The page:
How many Balrogs did it take to defeat Fëanor? In The Silmarillion it says:

"Long he fought on, and undismayed, though he was wrapped in fire and wounded with many wounds; but at the last he was smitten to the ground by Gothmog..."

(Sil, 107)

Did Fëanor take out any Balrogs and how many fought him?

  • 6
    Since the number of Balrogs is never mentioned in this passage, and their total population varied from "hundreds" to "There should not be supposed more than say 3 or at most 7 ever existed." during the redaction of what would become the Silmarillion, I am not sure you can expect any usefull answer...
    – Eureka
    Aug 29, 2013 at 13:23
  • 4
    @Eureka - the analysis of # of Balrogs in various versions would be a great basis for an answer. Aug 29, 2013 at 13:27
  • 2
    Note that this also applies to the number of Balrogs killed, since, thanks to ConservationOfNinjutsu, their status also varied from EliteMook all the way to PhysicalGod. Warning, TVTropes links!
    – Eureka
    Aug 29, 2013 at 13:31
  • 3
    This sounds like a classic Balrog vs. Feanor type of question. blog.stackoverflow.com/2011/08/gorilla-vs-shark
    – psr
    Aug 29, 2013 at 17:22
  • 3
    One to screw in the Silmaril, one to hold the ladder...
    – Ber
    Apr 5, 2016 at 5:02

3 Answers 3


Disclaimer: This answer contains TVTropes links. Be prepared to lose several hours of your time.

The two sentences just before the ones you quoted indicates that at least two (the plural is used) and likely more ("surrounded") Balrogs were dispatched to stop Fëanor: This gives us a lower limit.

Thus it was that he (Fëanor) drew far ahead of the van of his host; and seeing this the servants of Morgoth turned to bay, and there issued from Angband Balrogs to aid them. There upon the confines of Dor Daedeloth, the land of Morgoth, Fëanor was surrounded, with few friends about him. The Silmarillion

The main problem lies in determining the upper limit, since the total population of Balrogs varied a lot during the redaction of what would later become the Silmarillion, from hundreds to at most seven:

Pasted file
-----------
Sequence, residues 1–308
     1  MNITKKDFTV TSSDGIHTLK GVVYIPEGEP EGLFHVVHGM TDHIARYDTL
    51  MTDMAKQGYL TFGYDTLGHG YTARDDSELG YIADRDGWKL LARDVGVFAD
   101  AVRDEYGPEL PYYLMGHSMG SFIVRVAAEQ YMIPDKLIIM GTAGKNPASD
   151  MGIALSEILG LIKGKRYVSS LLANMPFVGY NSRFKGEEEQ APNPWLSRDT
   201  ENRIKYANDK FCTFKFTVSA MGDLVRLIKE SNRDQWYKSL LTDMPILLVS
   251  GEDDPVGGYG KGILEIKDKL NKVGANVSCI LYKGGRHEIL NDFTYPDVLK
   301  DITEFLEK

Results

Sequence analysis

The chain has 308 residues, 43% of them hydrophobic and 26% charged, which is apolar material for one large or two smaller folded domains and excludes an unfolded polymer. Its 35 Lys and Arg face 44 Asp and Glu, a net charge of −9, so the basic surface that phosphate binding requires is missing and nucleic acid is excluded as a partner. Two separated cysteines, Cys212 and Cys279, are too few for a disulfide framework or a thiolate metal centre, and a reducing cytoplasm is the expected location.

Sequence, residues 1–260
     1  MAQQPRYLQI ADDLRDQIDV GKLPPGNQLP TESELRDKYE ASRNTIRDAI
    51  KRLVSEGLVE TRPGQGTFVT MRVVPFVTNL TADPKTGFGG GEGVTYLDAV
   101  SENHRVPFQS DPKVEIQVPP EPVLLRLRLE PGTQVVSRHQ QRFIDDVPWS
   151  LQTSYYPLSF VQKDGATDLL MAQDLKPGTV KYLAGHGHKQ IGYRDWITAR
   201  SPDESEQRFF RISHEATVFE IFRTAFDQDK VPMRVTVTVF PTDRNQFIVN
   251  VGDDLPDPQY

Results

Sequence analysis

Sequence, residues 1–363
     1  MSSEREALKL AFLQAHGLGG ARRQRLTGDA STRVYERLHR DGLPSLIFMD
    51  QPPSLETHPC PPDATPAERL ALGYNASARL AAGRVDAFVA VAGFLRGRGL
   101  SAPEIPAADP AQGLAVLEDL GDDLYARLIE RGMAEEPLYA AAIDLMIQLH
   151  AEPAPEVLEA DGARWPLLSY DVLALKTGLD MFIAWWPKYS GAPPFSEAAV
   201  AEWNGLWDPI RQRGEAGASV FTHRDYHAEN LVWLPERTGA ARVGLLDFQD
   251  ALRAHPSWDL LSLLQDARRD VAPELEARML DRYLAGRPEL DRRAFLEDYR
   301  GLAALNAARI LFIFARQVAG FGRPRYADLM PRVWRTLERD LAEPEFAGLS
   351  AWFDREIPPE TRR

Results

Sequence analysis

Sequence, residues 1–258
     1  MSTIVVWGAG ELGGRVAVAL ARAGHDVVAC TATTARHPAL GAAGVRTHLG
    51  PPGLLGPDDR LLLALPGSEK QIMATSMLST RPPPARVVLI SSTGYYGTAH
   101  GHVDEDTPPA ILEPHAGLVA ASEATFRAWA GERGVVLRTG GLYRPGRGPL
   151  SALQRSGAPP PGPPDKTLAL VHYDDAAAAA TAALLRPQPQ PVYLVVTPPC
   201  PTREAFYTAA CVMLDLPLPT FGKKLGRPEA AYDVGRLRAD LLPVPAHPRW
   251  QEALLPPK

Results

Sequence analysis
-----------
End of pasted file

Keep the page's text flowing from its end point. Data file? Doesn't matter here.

There came wolves, and wolfriders, and there came Balrogs a thousand, and there came worms and drakes, and Glaurung, Father of Dragons. War of the Jewels, The Grey Annals - Year 472 ~230

The idea that Morgoth disposed of a 'host' of Balrogs endured long, but in a late note my father said that only very few ever existed - 'at most seven'. Book of Lost Tales, Tome 2, The Fall of Gondolin

The upper limit on the number of Balrogs fought by Fëanor (including Gothmog) is therefore "three up to a thousand" (but likely no more than a dozen top, see the following rational)

Let's focus on the number of Balrogs he defeated, next. I would say "none", since no kill is mentioned in text, and the two Balrogs defeated by Echtelion and Glorfindel respectively are seen as big deals in the rest of the published Silmarillion, which aims at a certain coherency (see the book forewords).

In fact, it appears that Balrogs obeys the rule of ConservationOfNinjutsu. Depending of their total population at the time of redaction, a single Balrog could be considered narratively as anything ranging from EliteMook to PhysicalGod:

The early conception of Balrogs makes them less terrible, and certainly more destructible, than they afterwards became: they existed in 'hundreds' (p. 170), and were slain by Tuor and the Gondothlim in large numbers: thus five fell before Tuor's great axe Dramborleg, three before Ecthelion's sword, and two score were slain by the warrior's of the king's house. Book of Lost Tales, Tome 2, The Fall of Gondolin

  • 5
    ...an hour later... oh right that's how I got to TV tropes.
    – DLeh
    Jul 15, 2014 at 19:14
  • 3
    This was the first time I ever got sucked into a TV Tropes loop, but it only lasted about 30 mins. God damn the names they come up with are funny.
    – Wad Cheber
    Jun 12, 2015 at 22:15